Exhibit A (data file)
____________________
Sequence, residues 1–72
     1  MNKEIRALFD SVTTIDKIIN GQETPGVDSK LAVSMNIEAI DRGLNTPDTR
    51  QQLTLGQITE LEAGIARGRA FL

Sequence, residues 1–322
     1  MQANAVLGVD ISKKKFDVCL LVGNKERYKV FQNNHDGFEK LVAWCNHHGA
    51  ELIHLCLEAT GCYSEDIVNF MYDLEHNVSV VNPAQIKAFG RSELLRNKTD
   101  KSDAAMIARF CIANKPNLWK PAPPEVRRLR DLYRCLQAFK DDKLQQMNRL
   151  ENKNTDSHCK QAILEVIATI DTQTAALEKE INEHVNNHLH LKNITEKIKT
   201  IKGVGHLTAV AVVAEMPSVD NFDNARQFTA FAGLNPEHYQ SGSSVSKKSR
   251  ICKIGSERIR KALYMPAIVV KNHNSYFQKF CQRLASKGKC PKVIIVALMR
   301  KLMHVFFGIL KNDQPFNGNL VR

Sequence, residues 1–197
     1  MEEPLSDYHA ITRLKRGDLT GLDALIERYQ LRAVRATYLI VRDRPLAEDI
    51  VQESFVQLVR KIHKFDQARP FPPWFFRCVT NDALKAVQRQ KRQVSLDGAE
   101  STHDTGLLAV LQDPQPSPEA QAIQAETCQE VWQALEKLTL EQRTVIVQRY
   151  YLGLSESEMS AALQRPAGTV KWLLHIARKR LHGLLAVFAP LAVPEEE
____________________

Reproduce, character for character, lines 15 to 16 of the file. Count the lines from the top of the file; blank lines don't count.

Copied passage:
   101  STHDTGLLAV LQDPQPSPEA QAIQAETCQE VWQALEKLTL EQRTVIVQRY
   151  YLGLSESEMS AALQRPAGTV KWLLHIARKR LHGLLAVFAP LAVPEEE